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Surrey needs to improve tenant improvement permit processing times, Annis says

Nagra says better communication needed between city and permit applicants

A Surrey councillor says the city’s planning department should focus more on tenant improvement building permit processing times while another councillor says it should also work on improving communications with building permit applications in general.

According to a corporate report approved by council on July 11, last month tenant improvement application processing time was 11 weeks above its “established guarantee target” of 10 weeks while processing time for other categories – single family residences for example – came in either below or on target.

The city receives on average 595 tenant improvement building permit applications per year and received 131 in the second quarter of this year, 12.6 per cent lower than in the same period last year and year to date, the number of new applications is 12 per cent lower than in 2021.

The report indicates that based on processing time over the last 30 days, the current average processing time for a tenant improvement application is 11 weeks.

Coun. Linda Annis said because the time against the target is higher and yet the applications for tenant improvements is less ” tells me we should be getting them through quicker.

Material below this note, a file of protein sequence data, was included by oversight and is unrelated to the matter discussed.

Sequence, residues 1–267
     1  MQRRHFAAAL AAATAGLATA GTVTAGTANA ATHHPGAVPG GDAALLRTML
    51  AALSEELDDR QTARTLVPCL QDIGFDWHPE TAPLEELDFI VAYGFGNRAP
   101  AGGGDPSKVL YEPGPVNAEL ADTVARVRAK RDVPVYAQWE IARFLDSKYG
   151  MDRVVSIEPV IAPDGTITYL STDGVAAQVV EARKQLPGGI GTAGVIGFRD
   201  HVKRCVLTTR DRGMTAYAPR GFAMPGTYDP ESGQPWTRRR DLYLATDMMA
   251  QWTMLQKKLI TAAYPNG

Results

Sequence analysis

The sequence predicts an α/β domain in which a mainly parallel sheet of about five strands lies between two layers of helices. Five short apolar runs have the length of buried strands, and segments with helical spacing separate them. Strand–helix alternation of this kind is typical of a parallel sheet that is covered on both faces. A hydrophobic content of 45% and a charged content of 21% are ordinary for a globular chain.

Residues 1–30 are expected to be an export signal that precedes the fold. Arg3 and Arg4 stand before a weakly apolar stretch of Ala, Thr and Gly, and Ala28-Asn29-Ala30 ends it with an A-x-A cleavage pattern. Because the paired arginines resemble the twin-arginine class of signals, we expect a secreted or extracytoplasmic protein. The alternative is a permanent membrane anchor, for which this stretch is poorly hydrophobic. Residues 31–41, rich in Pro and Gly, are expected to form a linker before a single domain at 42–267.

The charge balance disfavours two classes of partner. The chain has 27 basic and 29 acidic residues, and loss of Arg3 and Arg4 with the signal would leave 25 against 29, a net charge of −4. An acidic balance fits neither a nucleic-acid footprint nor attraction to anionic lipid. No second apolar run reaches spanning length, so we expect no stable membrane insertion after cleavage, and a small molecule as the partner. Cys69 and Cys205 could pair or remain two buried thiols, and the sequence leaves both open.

“I have a huge concern around these because so many of the tenant improvements are small and independent businesses and for them, they have their life savings in starting up in a new business perhaps and when things drag on, it potentially can be a huge financial hardship for them,” she told her fellow council members. “So I would really like to see planning focus on the tenant improvement piece, particularly with how quickly the city is growing I think we need to put a lot more focus in that area.”

READ ALSO: Surrey making ‘significant progress’ on permit processing times for building houses

Coun. Mandeep Nagra, meantime, said the “one thing we need to work on I think is the communication part. I think that’s where most of these delays are occurring.

“I would like to see that strategy probably in the next report.”

Jeff Arason, Surrey’s acting general manager for planning and development, said one trend the city is seeing is “maybe the applicant and the owner may not have a full appreciation of everything that’s still outstanding with them so we’re engaging with more proactive communication with them.”

This, he said, is to “make sure they’re fully aware of the status of their application and any materials that are outstanding or that may be outstanding that they may not be aware of in order to again help get them into the guaranteed time frame that we’re working toward.”

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About the Author: Tom Zytaruk

I write unvarnished opinion columns and unbiased news reports for the Surrey Now-Leader.
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